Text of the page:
Occasionally, I get have the time to work on a music event. It doesn't happen often, but when it does, I have the pleasure of working with bands and helping them do a great show. For the past three years, now, I've been stage manager for the Candler Park Fall Fest, and it's a great experience. A lot of other festivals are not well run -- bands just show up at the specified time and try to make due with what's there. They're often lucky if there's more than one sound engineer. This can be a frustrating experience for everyone but especially for the bands, so when I work on an event I try to do everything I can to run the stage as professionally as possible, but it also takes a little cooperation from bands.

In order to make a festival run well, a lot of things need to come together, and one of the most important parts of that is getting accurate stage plots and input lists for all the bands. Most professional bands have a stage plot as part of their contract rider. Even if they do their own stage setup and have lots of time to sound-check, a stage plot helps ensure in advance that the necessary equipment will be provided. When it comes to doing festivals, though, many luxuries, such as sound-checks, and a nice long break between acts, simply aren't there, and the stage plot helps ensure that things go smoothly, because, with a stage plot, everybody knows exactly what needs to be done.

I do all my advance planning around the stage plots, making sure that the required equipment is available and that any tricky band transitions are worked out in advance. When the festival starts, I plan the whole day around my stage-plots, and I use them to coordinate with the bands, the stage crew, and both the monitor and FoH (Front of House) positions to ensure that everything is setup, miked and amplified properly and that every band is ready to go on as quickly as possible. Towards the end of each set, I go over the next act's stage plot again, so I can give instructions to the stage crew and prepare for the transitions. If there is anything tricky or unusual, I usually oversee it myself during the transition. With a good stage plot, I can give instructions and help the bands and crew setup.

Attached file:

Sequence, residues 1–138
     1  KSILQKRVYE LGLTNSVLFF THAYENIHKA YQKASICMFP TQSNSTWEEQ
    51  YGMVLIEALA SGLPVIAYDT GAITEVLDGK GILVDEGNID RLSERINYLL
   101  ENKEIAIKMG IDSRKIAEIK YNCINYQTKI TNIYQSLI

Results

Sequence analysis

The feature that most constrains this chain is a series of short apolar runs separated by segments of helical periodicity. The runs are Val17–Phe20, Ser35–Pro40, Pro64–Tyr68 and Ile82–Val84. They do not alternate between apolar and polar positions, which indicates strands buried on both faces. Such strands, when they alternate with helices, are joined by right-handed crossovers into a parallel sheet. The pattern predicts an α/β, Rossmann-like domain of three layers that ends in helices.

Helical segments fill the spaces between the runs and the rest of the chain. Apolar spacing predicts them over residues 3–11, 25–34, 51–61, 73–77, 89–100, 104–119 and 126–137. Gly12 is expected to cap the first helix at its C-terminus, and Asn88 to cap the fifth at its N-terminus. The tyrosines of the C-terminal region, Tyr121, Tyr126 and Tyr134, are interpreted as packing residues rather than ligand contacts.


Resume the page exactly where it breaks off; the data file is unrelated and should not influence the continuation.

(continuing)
Without a stage plot we have to figure it out as we go along. With a stage plot, I can accurately assess how long each transition will be, and time the sets so that each band can play as long as possible without getting off schedule. Without a stage plot, I have to assume that it's going to take a long time, so everyone gets shorter sets. (I am a real stickler for the schedule because if you go off schedule, someone ends up at the short end of the stick.)

You don't get more time in your set because it took you a long time to setup, so providing a stage plot and input list means you get a longer set. Last year's Fall Fest had bands that were prepared play for about 50 minutes, while unprepared bands were forced to cut their sets down to as short as a half hour. It makes that much difference.

How to Make a Stage Plot

One thing I've learned, is that many bands don't have a stage-plot or input list, an many don't even know what they are. That's fine if you're just playing the local pub. It's even fine if your playing big venues an have lots of prep time. It's not fine if your playing a festival.